A pain in the neck — and back

Excess weight in backpacks can cause harm.


Jemima Scott

Students mill in the Main Hall before school wearing their heavy backpacks. Bags without waist straps should not weigh more than 10 percent of the wearer’s weight, but most student packs are considerably heavier.

Grace Ainslie, Senior Reporter

Based on the weight of her backpack, freshman Jordan Russell should weigh 290 pounds.

Russell’s bag weighs 29 pounds on a typical school day, yet backpacks should not weigh more than 10 percent of an individual’s body weight, according to Dr. Margaret Stafford, Assistant Clinical Professor of Family and Community Medicine at University of California, San Francisco.

“On a Red Day I carry my math notebook, biology notebook, French notebook, laptop, iPad, pencil case and English book ‘Macbeth,’” Russell said. “If I put them in my cubby, then I often forget to come back.”

Student backpacks average 22 pounds, according to a Broadview survey conducted on Jan. 27 in which 27 random backpacks were weighed as students entered the school.

“An average high school student might weigh 120 to 130 pounds, so we’re talking about 12 pounds at the most,” Stafford said. “A 30-pound backpack is almost a quarter of that person’s body weight, so that would cause much more significant problems than a lighter backpack.”

At least 14,000 injuries every year are treated from backpack related injuries, according to the U.S. Consumer Product Safety Commission.

Back pain can occur when backpacks are too heavy or if weight is unequally distributed, with one shoulder carrying more than the other. According to Stafford, students should use two straps while wearing a backpack, so the strongest muscles in the back and abdomen are supporting the weight.

“The body needs balance in carrying a load, so if you’re carrying a heavy load for a long period of time on just one side, or in general a heavy load, it can cause muscle strain,” Stafford said.

Students should pack heavier books closer to their back and arrange the backpack so its contents will not move around, according to the American Occupational Therapy Association.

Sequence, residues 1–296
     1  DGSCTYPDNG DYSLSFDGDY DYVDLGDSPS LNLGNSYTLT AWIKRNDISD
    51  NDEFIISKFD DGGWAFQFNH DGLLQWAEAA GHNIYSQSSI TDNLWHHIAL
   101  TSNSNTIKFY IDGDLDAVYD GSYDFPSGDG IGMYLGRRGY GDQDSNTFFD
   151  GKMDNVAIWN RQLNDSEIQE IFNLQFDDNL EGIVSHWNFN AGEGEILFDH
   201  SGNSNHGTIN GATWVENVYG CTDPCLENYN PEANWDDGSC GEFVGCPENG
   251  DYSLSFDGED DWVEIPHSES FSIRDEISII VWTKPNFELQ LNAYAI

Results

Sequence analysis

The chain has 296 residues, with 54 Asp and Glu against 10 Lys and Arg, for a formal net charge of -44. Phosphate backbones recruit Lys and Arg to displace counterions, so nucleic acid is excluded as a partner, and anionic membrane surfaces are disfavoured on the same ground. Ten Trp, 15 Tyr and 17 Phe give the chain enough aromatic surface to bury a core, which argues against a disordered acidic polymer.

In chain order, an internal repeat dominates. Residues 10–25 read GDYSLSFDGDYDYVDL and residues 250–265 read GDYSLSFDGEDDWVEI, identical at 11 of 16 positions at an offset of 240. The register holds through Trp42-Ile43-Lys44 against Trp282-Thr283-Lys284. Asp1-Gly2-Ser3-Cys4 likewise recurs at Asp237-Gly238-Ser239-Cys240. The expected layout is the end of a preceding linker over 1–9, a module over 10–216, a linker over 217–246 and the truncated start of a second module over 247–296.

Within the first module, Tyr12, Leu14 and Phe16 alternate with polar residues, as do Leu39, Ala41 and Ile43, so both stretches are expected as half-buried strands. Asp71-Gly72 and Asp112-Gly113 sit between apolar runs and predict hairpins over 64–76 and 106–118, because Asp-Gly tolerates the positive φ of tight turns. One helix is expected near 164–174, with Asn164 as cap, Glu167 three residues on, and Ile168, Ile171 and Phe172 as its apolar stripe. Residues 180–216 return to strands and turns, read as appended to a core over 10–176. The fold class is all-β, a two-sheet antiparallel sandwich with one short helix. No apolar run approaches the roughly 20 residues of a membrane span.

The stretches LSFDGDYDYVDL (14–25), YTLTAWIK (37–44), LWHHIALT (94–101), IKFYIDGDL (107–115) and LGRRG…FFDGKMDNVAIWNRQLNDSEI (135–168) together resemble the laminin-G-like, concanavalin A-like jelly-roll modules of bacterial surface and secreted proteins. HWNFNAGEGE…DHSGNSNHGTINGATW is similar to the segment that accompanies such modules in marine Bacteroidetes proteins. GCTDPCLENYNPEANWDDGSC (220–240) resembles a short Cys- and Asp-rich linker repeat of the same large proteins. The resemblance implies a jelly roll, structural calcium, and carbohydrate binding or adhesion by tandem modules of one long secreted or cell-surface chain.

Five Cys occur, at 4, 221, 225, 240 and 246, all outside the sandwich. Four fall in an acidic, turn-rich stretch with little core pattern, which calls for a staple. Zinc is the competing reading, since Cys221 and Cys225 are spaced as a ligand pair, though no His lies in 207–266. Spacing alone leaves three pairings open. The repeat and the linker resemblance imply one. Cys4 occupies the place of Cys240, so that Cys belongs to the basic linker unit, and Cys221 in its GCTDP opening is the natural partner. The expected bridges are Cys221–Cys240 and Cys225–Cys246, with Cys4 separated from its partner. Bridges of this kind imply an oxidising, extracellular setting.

When shopping for a new backpack, Stafford suggests consumers look for padded shoulder straps and weight belts to distribute the load more evenly.

“My back pain is a swimming injury mainly, but it’s also from the incorrect usage of my back muscles,” junior Bella Kearney, who suffers from back pain, said. “I just have to be super aware of what I put in my backpack and to make sure that everything I’m carrying is essential. I really need it, so I need to keep it as light as possible.”

Kearney goes to physical therapy to help strengthen her core, but she is still careful about what she puts in her backpack.

“I utilize my locker more than other people,” Kearney said. “I’ve made a point to make it work for class, but it definitely is more work for me to make time to go downstairs to get what I need.”

Kearney does stretches including yoga poses and ab workouts as a way to strengthen her core.

“A lot of the strain from backpacks ends up on the top of students’ shoulders because that’s where the weight tends to fall,” Stafford said. “One thing that you can do is general neck roll and shoulder roll stretches.”

Neck rolls involve bringing the chin down to the chest and moving in it in a circular motion, while shoulder rolls bring both shoulders up and down in a forward, circular motion.

“It’s really important to get diagnosed by actual people who know what they’re talking about because there are way more muscles than you could ever think,” Kearney said. “Your back is fragile, and you’re going to need it for the rest of your life, so it’s important to take care of it.”